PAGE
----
The Bank of Canada hiked its key interest rate 25 basis points on Wednesday, ending its three-month pause on increases, as the Canadian economy runs hotter than expected.
The increase brings the central bank's target for the overnight rate to 4.75 per cent, the highest level since May 2001, and restarts its tightening campaign as policymakers continues to try to tame inflation.
The central bank came off the sidelines on Wednesday after several indicators showed unexpected resilience in the Canadian economy in recent weeks.
"Overall, excess demand in the economy looks to be more persistent than anticipated," the central bank said in a statement alongside its interest rate decision.
"Based on the accumulation of evidence, Governing Council decided to increase the policy interest rate, reflecting our view that monetary policy was not sufficiently restrictive to bring supply and demand back into balance and return inflation sustainably to the two per cent target."
While Wednesday's decision came as a surprise to many economists, it quickly opened the door to further hikes. Money markets now see a more than 60 per cent chance of another rate hike coming in July, according to Reuters, with further tightening in September fully priced in.
"Bet you can't just have one," TD senior economist James Orlando wrote in a note on Wednesday, adding that the central bank "is back in hiking mode."
"Economic data are pointing to more strength and the Bank has yet to see any sign from the labour market that the economy is turning," Orlando wrote.
"We expect the BoC to hike again in July, bringing the policy rate to 5 per cent."
The Bank of Canada highlighted several indicators in the statement released alongside its decision on Wednesday, including strong GDP growth and a rebound in demand for services. It also flagged a resurgence in housing market activity, and a tight labour market.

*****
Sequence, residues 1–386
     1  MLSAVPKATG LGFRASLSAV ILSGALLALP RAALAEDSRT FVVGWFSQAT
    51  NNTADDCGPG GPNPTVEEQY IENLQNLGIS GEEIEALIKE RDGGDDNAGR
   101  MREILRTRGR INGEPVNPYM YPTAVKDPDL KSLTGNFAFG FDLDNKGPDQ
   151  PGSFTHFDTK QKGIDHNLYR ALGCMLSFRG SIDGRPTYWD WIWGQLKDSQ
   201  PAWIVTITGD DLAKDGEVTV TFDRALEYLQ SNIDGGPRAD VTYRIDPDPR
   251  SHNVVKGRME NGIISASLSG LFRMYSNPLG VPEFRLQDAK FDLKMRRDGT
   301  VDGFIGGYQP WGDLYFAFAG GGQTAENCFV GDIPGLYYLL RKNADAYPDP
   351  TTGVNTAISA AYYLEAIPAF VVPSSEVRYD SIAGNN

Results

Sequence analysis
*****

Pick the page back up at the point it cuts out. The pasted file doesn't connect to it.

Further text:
Canada’s economy grew 3.1 per cent in the first quarter of the year, stronger than what analysts and the Bank of Canada had expected, as household spending remained strong. Inflation reversed course in April, increasing 4.4 per cent, marking the first acceleration since June 2022.
The Bank of Canada had held its key interest rate steady since March, when it became the first major central bank to pause interest rate hikes, to assess the impact of its aggressive tightening cycle.
The central bank has repeatedly said that it was "prepared to raise interest rates further if needed to return inflation to its 2 per cent target." While that phrase was absent from Wednesday's statement, the central bank said it "will continue to assess the dynamics of core inflation and the outlook for CPI inflation." It still expects CPI to ease to around 3 per cent this summer, but noted that "concerns have increased that CPI inflation could get stuck materially above the 2 per cent target."
Bank of Canada 'won't be quite as patient as we expected'
CIBC economist Avery Shenfeld noted that "the Bank's actions today signalled that it won't be quite as patient as we expected in its wait to see economic slack emerge." While Shenfled expects a follow-up 25 basis point hike "as a final fine tuning," he said that September was more likely timing than July "due to the need to gather enough additional insights on the lagged impacts of all the rate hikes thus far."
Royce Mendes, Desjardins' head of macro strategy, said in a note released shortly after the Bank issued its decision that it's unlikely the central bank will "see enough progress towards restoring price stability before their next scheduled rate decision for this to be the final hike of the cycle." He wrote that Desjardins' is leaning towards another 25 basis point hike in July.
CIBC economist Katherine Judge said in a note that an additional hike in July is still on the table as the bank deals with sticky inflation and persistent excess demand.
"It's therefore possible that we could see a follow up hike if signs of economic slack opening up aren't clear in the forthcoming data," Judge wrote.
Note: A previous version of this story stated that the policy rate was last at 4.75% in 2007. The last time the Bank of Canada's policy rate was 4.75% was in fact May 2001.
Alicja Siekierska is a senior reporter at Yahoo Finance Canada. Follow her on Twitter @alicjawithaj.